Every year, the federal government fixes a target for wheat production, identifies acreage for cultivation and then sets about creating favourable conditions for attaining the target.
Whether they succeed or fail is often beyond the managers and they are not always to be bamed if the crop is short, particularly if shortage of water and inclement weather undermines a crop.
Factors like ensuring availability of fertilizers are within the government’s administrative reach. IRSA is responsible for equitably distributing water among provinces and trying to ensure that their irrigation requirements are met. But it can only deliver available resources.
Extension wings of provincial authorities undertake the task of guiding farmers about the best ways for producing a good crop; they instruct farmers about removing unwanted growths from fields, about the right time for applying fertilizers and generally help farmers to extract the maximum from their fields.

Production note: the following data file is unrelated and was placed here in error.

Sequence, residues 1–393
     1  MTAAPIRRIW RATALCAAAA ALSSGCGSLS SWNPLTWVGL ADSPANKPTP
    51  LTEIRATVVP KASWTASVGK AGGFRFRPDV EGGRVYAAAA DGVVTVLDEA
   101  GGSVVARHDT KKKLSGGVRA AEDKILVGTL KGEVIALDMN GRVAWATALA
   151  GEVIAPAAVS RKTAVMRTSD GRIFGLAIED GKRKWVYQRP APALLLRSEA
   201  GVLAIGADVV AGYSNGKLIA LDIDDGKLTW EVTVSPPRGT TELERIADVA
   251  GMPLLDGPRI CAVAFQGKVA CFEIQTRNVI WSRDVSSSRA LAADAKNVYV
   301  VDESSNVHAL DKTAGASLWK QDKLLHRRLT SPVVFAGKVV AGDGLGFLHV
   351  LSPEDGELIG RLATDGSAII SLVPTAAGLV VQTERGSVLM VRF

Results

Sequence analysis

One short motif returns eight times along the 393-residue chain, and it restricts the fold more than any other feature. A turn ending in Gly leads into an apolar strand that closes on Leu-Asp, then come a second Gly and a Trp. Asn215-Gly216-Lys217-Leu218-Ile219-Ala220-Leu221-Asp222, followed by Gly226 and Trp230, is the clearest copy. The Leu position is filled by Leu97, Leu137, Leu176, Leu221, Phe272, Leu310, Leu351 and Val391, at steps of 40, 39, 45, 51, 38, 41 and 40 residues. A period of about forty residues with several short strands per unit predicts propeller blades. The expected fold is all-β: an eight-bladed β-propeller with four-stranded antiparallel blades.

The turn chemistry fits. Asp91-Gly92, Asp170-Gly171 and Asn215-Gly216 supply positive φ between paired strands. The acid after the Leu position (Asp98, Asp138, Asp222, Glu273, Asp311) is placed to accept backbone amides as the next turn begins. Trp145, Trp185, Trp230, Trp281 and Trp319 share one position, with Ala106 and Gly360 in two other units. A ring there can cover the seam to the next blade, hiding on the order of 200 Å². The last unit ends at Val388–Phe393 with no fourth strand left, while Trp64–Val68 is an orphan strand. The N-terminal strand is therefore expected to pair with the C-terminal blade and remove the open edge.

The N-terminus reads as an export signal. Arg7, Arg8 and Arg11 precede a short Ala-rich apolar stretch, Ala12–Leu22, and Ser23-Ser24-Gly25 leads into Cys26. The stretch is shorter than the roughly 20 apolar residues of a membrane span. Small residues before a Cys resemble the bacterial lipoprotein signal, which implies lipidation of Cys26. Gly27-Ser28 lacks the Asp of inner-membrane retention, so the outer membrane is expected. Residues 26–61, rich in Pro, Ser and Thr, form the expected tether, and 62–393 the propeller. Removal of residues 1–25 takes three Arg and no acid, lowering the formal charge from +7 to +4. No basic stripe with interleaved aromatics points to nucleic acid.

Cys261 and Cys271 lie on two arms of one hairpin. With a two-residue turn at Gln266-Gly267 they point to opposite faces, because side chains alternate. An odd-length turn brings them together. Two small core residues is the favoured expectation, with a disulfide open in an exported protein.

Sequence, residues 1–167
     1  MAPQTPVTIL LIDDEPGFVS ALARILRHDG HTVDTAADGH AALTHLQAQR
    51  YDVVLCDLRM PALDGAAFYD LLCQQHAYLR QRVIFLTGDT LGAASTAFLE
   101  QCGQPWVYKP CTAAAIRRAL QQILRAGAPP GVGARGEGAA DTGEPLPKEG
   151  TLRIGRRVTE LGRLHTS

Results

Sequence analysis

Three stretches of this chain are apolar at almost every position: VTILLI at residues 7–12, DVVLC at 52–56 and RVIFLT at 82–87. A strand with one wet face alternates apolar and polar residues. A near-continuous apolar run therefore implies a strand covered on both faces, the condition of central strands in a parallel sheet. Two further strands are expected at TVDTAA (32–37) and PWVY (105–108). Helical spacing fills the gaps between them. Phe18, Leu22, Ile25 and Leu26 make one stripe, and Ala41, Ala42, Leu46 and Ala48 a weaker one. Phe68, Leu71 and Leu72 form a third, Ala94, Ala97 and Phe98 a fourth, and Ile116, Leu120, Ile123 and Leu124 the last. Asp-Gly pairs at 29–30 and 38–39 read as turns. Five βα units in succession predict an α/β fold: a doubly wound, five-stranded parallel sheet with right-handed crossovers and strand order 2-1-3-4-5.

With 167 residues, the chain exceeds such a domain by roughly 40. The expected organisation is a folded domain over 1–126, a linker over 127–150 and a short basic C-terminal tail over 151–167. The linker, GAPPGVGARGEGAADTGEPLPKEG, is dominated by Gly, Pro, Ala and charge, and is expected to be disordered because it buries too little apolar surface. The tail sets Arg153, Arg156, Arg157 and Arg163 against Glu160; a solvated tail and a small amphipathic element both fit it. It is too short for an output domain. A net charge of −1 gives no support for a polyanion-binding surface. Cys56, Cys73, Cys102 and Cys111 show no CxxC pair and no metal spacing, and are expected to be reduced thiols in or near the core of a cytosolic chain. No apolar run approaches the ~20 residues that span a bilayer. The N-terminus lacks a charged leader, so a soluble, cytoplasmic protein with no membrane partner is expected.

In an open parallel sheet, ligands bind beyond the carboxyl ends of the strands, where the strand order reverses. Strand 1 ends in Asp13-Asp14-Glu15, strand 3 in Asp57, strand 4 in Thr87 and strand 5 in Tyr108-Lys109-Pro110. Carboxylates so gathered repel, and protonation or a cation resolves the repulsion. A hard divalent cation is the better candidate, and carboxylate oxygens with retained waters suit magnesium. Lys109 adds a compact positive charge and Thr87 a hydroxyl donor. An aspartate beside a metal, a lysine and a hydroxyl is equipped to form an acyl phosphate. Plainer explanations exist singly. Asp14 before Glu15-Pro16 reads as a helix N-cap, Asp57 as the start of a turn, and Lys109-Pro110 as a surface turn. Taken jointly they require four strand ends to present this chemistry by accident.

This year, the federal government assumed responsibility for providing professional guidance to farmers and spent approximately Rs70 million on a nation-wide publicity campaign for this purpose. It is another question if the campaign matched and augmented ground conditions.
For instance, farmers were instructed on the timing for the application of fertilizers, not that the people whose livelihood has come from tilling fields for more than a few generations in many cases are not knowledgeable. Still, the efforts are to be appreciated because new farmers with state lands gifted to them at throwaway prices have invaded the farming landscape.